Americans in the late 18th and 19th centuries were, moreover, not the first to wrestle with tensions between the undeniable advantages of the common law’s doctrine of territorial birthright citizenship and the logical implications of republican doctrines of governance by the consent of the governed.  Republican-leaning international law writers including Emmerich de Vattel and Jean-Jacques Burlamaqui did so as well, and Vattel’s views, in particular, played a significant role in John Marshall’s reasoning about the indigenous tribes as “domestic dependent nations,” which Nackenoff and Novkov discuss.  They played a smaller but non-trivial role in the debates over the 14th Amendment’s birthright citizenship clause. Nackenoff and Novkov do not mention these influences. I understand that choice: they are probably wise not to get too far down into the weeds of these complex debates. The accessibility and breadth of their book are virtues worth preserving, even at some cost to scholarly comprehensiveness.

Their book’s limited treatment of doctrines of citizenship by consent does have some further costs, however. Those doctrines help explain why some of us who have questioned whether the 14th Amendment resolves the birthright citizenship status of children of unauthorized immigrants still endorse the result in Wong Kim Ark. The United States had consented to having Ark’s parents as permanent members of the American political community, and in a republic more strongly committed to egalitarian citizenship via the 14th Amendment, it made sense for this consent to include guarantees of citizenship for children of permanent resident aliens, even if the parents were still unconscionably denied opportunities for naturalization. In comparison to the Ark family, the absent of governmental consent to the presence in the U.S. of unauthorized immigrant parents renders their children less clearly born subject to the jurisdiction, the “obedience and allegiance,” of the United States. Nackenoff and Novkov touch on this argument, but they do not provide as full an historical context for it as they do for common law versions of jus soli.

In my view, however, the more important consequence of their limited attention to consensual understandings of American citizenship is that readers may not come away with a clear sense of how strong the case is for recognizing that those born in the nation’s “unincorporated territories” should have 14th Amendment birthright citizenship. Since Nackenoff and Novkov wrote, the U.S. Court of Appeals for the 10th Circuit has overturned the District Court ruling in the Fitisemanu case to which they commendably call attention. The Circuit Court held that time has purged the doctrine of “unincorporated territories” of its racist origins and that it is far from clear that American Samoans want to be U.S. citizens instead of U.S. nationals, so that it would not be right to impose 14th Amendment birthright citizenship on them. This ruling not only dismisses the fact that some American Samoans, including the Fitisemanu plaintiffs, clearly do desire that status. The reality is that, unlike unauthorized immigrants who are on U.S. territory in violation of American law (though often with American prompting), the inhabitants of American Samoa and the other insular territories are on U.S. territory due to the direct military and diplomatic actions of the U.S. that have made them so.  They are undeniably “subject to the jurisdiction” of the United States, even more clearly than the “domestic dependent nations” of America’s indigenous peoples, and more than those present against the consent of the United States as expressed in its immigration policies. For the nation’s overseas territories, as is in fact generally the case, the implications of common law doctrines and consensual doctrines of citizenship converge—and yet 14th Amendment citizenship remains denied. In this regard as in many others, the U.S. revolution in favor of egalitarian republican citizenship remains sadly unfinished.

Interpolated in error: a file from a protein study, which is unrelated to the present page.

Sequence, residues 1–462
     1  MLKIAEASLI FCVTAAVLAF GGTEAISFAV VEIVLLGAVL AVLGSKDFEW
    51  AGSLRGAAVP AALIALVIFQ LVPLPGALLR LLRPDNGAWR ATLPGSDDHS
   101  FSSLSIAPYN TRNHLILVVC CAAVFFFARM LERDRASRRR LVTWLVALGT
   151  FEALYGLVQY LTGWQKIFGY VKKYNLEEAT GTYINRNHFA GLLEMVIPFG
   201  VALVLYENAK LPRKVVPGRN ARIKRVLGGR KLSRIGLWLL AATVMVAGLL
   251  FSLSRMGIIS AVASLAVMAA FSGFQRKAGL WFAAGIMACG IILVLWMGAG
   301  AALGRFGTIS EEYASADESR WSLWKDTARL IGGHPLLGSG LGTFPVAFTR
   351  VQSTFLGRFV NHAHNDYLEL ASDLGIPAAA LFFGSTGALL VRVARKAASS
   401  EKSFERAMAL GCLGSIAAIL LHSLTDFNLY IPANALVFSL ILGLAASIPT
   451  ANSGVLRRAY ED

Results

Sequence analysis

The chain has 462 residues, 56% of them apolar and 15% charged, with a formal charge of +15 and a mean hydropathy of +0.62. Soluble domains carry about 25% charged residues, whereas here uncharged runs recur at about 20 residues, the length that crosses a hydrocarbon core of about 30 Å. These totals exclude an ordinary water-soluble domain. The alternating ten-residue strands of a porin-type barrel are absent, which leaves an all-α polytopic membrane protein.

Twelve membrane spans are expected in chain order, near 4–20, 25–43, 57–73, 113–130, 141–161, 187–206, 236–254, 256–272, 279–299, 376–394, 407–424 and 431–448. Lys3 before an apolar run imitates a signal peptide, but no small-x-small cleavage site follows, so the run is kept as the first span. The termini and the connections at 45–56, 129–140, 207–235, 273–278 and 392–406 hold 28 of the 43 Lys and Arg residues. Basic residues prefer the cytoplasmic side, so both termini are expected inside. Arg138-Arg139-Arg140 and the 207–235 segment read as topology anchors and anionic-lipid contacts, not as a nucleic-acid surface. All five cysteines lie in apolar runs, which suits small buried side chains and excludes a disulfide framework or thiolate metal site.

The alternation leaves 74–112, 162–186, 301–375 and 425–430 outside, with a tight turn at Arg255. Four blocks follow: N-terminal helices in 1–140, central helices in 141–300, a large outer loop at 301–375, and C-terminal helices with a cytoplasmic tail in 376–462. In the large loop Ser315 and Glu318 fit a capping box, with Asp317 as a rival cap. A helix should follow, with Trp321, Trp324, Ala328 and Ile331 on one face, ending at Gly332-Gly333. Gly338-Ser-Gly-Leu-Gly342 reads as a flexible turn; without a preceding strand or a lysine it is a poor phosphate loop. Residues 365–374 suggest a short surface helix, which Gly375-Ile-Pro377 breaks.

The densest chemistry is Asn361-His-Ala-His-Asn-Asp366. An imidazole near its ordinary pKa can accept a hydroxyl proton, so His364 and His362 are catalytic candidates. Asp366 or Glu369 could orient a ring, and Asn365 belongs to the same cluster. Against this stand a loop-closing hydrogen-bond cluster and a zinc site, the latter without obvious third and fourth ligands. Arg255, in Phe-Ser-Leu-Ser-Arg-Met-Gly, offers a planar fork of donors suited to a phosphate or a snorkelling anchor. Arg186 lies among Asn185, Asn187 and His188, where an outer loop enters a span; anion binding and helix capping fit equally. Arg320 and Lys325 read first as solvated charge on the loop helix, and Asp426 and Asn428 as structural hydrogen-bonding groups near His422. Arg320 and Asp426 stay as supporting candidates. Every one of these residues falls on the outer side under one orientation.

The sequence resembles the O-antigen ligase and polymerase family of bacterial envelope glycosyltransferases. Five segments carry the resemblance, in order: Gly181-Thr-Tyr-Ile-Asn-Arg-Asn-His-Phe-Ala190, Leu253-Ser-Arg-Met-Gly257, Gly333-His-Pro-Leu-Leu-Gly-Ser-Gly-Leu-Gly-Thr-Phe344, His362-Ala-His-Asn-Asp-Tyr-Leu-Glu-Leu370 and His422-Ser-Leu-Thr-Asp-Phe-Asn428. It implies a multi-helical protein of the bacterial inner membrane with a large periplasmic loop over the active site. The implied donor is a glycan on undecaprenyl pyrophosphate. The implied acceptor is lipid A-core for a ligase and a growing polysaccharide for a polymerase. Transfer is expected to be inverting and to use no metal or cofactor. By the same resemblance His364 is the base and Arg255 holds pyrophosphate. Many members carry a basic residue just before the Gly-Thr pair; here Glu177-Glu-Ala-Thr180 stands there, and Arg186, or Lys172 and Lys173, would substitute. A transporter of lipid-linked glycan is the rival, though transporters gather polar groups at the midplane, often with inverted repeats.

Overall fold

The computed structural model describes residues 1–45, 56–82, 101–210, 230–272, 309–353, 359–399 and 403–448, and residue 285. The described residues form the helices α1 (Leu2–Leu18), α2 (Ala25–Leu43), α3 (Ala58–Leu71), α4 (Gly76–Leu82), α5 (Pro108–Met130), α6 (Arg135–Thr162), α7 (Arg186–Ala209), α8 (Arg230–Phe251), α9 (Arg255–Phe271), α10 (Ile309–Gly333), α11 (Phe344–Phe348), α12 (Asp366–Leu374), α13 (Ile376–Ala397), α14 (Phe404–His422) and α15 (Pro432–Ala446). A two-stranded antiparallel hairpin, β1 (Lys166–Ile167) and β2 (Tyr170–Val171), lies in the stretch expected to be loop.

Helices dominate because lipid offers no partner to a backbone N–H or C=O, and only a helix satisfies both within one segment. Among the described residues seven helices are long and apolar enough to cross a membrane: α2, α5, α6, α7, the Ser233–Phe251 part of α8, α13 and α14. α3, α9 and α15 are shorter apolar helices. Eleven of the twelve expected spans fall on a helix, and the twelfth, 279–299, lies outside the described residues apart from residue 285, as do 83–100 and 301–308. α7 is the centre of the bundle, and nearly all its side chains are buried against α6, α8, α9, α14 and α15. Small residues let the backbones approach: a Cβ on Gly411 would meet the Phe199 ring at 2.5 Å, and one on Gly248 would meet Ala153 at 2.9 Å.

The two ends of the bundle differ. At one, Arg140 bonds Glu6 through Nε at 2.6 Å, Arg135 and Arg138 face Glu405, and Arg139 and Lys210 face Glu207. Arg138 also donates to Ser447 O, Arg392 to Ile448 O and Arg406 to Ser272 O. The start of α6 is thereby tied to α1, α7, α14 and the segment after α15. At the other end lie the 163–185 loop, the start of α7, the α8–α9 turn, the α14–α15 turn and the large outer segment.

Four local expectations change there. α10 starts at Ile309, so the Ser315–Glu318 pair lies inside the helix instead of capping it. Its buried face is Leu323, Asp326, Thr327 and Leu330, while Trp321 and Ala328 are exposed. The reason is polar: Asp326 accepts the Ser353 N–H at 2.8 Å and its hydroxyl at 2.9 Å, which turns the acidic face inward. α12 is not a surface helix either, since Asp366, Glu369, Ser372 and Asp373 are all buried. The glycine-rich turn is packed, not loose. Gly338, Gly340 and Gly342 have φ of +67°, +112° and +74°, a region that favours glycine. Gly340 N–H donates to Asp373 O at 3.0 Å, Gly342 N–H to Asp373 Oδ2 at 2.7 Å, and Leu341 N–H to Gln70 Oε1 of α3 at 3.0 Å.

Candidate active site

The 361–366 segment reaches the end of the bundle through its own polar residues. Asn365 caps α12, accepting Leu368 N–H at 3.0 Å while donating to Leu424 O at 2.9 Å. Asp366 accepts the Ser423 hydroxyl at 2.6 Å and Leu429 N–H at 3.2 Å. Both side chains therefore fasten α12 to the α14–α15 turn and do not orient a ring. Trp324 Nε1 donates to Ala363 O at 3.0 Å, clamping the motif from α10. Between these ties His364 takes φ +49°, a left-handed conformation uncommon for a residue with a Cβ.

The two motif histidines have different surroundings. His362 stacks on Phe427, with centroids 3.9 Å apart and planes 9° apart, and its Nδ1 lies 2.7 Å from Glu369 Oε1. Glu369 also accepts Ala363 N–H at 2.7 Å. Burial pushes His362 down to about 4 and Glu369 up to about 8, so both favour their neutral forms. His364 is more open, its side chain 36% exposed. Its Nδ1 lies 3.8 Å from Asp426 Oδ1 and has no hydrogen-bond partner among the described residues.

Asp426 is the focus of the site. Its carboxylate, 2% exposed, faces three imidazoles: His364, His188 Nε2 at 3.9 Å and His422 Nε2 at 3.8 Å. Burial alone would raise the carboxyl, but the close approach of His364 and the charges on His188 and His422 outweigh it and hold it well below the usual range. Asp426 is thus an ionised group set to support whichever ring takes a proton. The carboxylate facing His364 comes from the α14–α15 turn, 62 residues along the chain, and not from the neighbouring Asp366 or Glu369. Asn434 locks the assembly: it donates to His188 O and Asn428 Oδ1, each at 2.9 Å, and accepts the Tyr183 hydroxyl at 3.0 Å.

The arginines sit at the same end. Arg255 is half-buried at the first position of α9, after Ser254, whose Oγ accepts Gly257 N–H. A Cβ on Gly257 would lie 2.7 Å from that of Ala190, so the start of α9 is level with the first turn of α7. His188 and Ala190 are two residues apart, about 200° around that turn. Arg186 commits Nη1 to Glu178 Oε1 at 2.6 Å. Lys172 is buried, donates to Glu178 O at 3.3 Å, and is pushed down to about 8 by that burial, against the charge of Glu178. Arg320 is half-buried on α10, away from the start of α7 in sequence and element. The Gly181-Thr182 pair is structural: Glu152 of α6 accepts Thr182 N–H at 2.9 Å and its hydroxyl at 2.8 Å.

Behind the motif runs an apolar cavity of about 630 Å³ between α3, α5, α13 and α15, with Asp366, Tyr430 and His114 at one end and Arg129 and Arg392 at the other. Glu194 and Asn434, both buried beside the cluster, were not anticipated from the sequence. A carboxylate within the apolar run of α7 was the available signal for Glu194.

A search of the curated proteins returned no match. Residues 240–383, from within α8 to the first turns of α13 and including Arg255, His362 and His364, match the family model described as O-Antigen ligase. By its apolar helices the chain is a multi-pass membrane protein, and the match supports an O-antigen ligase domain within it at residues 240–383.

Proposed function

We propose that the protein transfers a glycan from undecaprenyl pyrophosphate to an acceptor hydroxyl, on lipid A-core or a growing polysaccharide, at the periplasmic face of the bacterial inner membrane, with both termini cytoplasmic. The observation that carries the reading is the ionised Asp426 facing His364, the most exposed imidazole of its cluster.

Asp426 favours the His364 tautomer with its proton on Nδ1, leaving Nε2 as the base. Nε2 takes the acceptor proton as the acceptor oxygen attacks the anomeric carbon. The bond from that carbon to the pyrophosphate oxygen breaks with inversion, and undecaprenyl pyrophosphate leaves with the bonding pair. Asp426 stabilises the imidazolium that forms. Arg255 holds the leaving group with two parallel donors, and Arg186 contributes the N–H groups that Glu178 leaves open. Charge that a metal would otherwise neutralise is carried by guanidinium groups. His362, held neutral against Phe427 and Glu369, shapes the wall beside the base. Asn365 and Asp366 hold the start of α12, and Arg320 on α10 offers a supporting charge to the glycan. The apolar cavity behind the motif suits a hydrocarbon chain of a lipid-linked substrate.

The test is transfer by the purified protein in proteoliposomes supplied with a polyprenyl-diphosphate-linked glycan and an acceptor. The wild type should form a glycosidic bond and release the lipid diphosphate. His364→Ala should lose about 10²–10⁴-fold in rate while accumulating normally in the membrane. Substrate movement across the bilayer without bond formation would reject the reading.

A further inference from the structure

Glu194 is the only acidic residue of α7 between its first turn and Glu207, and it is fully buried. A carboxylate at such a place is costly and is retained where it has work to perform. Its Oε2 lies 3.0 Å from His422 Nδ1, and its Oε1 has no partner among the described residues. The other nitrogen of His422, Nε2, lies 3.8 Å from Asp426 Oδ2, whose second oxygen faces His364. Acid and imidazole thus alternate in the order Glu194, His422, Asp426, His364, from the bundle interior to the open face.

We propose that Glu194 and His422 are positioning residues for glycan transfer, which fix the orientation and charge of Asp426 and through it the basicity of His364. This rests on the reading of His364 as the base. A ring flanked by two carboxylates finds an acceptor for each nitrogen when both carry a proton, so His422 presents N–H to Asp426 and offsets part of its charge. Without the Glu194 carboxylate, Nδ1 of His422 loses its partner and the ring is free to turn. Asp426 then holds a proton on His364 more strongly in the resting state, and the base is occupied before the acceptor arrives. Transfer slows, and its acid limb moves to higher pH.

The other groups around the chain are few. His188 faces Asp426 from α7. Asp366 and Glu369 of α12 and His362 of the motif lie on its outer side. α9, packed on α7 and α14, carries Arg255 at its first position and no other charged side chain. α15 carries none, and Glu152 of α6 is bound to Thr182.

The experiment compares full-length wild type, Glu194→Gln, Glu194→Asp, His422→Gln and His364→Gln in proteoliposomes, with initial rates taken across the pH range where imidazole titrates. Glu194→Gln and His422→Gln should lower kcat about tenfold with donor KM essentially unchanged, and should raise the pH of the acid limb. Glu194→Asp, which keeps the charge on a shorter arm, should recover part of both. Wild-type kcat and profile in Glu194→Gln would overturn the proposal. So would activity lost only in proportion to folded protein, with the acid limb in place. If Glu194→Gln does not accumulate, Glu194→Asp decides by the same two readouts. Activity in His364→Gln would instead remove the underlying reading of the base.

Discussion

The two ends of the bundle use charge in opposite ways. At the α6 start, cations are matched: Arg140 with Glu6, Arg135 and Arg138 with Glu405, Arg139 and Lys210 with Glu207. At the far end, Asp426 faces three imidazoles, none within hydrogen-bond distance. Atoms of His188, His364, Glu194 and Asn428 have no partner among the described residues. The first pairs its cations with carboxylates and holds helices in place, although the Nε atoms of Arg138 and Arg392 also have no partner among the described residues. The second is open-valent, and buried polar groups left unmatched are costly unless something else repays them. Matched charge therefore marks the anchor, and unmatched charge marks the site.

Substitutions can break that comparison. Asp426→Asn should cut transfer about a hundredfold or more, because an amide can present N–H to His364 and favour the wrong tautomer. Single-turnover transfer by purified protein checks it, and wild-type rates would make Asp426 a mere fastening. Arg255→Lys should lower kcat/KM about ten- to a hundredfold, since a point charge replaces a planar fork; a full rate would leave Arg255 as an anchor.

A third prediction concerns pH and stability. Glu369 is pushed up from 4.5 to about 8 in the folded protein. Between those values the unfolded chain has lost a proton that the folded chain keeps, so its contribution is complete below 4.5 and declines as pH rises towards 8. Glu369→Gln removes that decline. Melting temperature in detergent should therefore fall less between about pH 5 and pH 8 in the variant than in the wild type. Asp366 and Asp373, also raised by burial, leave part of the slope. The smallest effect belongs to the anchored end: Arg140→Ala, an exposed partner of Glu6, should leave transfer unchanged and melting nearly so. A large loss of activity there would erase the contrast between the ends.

Nackenoff and Novkov are probably right, however, to conclude that not even the more conservative current Supreme Court is likely to abridge the inclusive birthright citizenship holding of Wong Kim Ark. I also continue to believe that, even if the courts recognized a congressional power to legislate over the status of the children of unauthorized immigrants comparable to the powers the courts uphold in regards to indigenous peoples and the unincorporated territories, Congress would and should maintain the current inclusive birthright citizenship policy. Still, I agree with Nackenoff and Novkov that the potency of current anti-immigrant tides calls this optimism into doubt. What at this writing seems even more certain is that the courts will not overturn the denial of 14th Amendment birthright citizenship to the insular territories any time soon—a denial deeply contrary to the spirit of Wong Kim Ark. As long as they do not, the citizenship by birth of those Americans will remain less legally secure than that of most others, and the American republic will continue to be just what it professed to rise up against in 1776. The United States will remain an imperial power with overseas possessions whose residents lack the full rights of the republican self-governance that are supposed to be central to American citizenship.   

 Rogers M. Smith is Christopher H. Browne Distinguished Professor of Political Science. You can reach him by e-mail at